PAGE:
Investment banking’s Superday explained in plain language

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You will likely face a diverse range of bankers, from analyst level to MD. But given that you’re within reach of an offer of over $100,000, the interviewer sheet will be stacked towards the senior side, which means fewer junior bankers than early rounds and certainly no representatives of the HR.

In terms of numbers, you can face 3 interviews or 7 or more.

As you can imagine, a real banking Superday can last anywhere from 3 hours to a good part of an entire day. And sometimes they can even spread overnight.

But don’t be afraid. Banks tend to err on the side of it, as it’s an insane logistical task to run more than 5 interviews per student and all in all a surprisingly exhausting use of bank resources.

We are of course talking about the time of senior bankers here – not $20 an hour analysts! Note the sliding scale for reach, interviews and duration; the bigger the bank and the recruiting campaign, the bigger the range/interviews/duration. No wonder BBs (bulging hooks) were the source of Superday’s infamous war stories at the time, as opposed to mid-market i-banks and low-end boutique investment banks.

Why is the focus of each superday banking interview different?

Different investigators will be tasked with testing you on different things. This is often decided based on their level.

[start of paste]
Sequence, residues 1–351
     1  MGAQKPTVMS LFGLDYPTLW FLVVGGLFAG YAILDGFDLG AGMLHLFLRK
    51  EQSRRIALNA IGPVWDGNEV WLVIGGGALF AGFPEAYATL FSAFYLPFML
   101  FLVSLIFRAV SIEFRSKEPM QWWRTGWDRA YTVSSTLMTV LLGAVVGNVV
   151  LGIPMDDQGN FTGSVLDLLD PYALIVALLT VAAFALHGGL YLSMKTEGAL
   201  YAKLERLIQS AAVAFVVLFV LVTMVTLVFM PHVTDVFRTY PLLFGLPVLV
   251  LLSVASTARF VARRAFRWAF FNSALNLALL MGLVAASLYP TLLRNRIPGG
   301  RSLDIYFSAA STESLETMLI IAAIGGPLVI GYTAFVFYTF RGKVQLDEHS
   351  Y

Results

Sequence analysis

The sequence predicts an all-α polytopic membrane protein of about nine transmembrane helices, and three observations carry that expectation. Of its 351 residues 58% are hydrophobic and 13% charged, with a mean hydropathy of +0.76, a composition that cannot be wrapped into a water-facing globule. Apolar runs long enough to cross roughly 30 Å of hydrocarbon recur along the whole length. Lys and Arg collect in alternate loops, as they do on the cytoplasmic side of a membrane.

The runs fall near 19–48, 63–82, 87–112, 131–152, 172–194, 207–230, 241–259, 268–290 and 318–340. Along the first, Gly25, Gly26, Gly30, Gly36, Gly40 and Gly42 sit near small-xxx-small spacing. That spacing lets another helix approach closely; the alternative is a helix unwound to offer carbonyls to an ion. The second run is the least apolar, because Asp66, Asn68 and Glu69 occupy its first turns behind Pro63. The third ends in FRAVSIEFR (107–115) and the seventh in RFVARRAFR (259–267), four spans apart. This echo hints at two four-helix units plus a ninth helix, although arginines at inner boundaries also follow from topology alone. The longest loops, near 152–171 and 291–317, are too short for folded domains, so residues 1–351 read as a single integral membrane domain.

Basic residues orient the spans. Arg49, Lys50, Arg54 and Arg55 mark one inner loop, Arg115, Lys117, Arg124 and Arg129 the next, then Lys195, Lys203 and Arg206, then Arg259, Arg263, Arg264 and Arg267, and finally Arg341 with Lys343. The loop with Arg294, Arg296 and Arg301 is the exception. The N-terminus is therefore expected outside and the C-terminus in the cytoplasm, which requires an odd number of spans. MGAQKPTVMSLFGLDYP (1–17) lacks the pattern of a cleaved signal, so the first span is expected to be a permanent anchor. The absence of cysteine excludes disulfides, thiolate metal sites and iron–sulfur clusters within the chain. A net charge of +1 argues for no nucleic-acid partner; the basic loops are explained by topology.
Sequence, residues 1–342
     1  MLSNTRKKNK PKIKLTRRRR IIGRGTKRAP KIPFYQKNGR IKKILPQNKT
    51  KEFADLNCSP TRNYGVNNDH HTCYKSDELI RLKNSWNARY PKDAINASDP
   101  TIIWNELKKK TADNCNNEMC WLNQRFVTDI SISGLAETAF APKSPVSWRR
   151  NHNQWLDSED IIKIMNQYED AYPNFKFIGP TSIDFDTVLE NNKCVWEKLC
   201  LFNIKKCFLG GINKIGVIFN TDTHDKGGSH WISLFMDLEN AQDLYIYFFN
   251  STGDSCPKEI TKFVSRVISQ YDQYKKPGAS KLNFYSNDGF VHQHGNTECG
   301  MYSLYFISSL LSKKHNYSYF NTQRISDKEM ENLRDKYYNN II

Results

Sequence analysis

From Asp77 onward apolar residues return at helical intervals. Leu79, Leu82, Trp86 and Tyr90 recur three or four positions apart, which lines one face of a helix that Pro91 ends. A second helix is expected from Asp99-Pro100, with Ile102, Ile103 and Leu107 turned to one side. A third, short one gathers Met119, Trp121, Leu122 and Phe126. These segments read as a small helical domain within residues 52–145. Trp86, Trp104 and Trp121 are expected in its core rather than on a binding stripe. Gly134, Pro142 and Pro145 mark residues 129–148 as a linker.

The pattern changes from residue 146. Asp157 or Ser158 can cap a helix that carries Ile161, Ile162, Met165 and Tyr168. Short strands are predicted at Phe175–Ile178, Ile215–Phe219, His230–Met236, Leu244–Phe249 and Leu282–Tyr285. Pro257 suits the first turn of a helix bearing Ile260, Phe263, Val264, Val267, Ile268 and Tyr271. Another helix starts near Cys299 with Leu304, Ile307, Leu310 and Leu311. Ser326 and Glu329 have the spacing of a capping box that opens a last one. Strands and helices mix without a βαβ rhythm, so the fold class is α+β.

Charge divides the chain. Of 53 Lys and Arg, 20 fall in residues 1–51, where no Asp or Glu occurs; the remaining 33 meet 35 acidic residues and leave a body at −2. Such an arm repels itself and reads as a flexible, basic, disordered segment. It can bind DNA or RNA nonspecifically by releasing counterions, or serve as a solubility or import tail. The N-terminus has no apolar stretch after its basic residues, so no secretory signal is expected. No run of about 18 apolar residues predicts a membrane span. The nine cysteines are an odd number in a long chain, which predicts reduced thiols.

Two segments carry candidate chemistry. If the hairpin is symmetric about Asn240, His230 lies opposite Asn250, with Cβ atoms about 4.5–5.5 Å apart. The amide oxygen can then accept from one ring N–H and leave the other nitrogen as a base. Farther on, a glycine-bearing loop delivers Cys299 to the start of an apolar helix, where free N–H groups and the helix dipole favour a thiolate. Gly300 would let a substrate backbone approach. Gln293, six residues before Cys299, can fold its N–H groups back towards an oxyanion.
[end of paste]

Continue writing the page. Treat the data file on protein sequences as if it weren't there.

Therefore, students can experience 40 minutes of technical questions during an interview with analyst Chuck Chuckford and 40 minutes of mind-numbing “Tell me about yourself” questions during MD Larry’s power hour. Larryson.

Let’s break it down very clearly though…

Young monkeys (analysts and associates) will throw down the gauntlet of technical questions as they try to objectively assess you for brains. Think of McGee in NCIS. If you have a finance and accounting degree or worse – a banking internship – under your belt, expect to be pushed a lot harder than someone with a liberal arts major.

While the technical finance questions may hurt, the investment banking accounting interview questions won’t – they’re relatively easy.

Meanwhile, the grizzled monkeys (MD Larryson and the other BSDs) will get “fit” and “you” mad as they try to answer the question “Would Richard make a strong member of the team and do I want to work with him? For that, think of Gibbs in NCIS. But don’t forget that Larry will also like to ask you (with a straight face) “How many 128-slide presentation manuals would fit in a chartered Lear Jet to Greenland?”*. In other words, interviews with grizzled monkeys will often involve both technical and ad hoc questions. The Masters of the Universe will give you a taste of everything!

Finally, it should be noted that several interviews in the same bank may also overlap both in theme and in the specific questions asked. It’s on purpose. Much like a computer-driven personality test, this repetition process allows bankers to spot inconsistencies in your answers over time when sharing notes at the end of the day.

Were you lying about your leadership experience at Chucky Cheese? Either way, they’ll know.



Source by Richard F.

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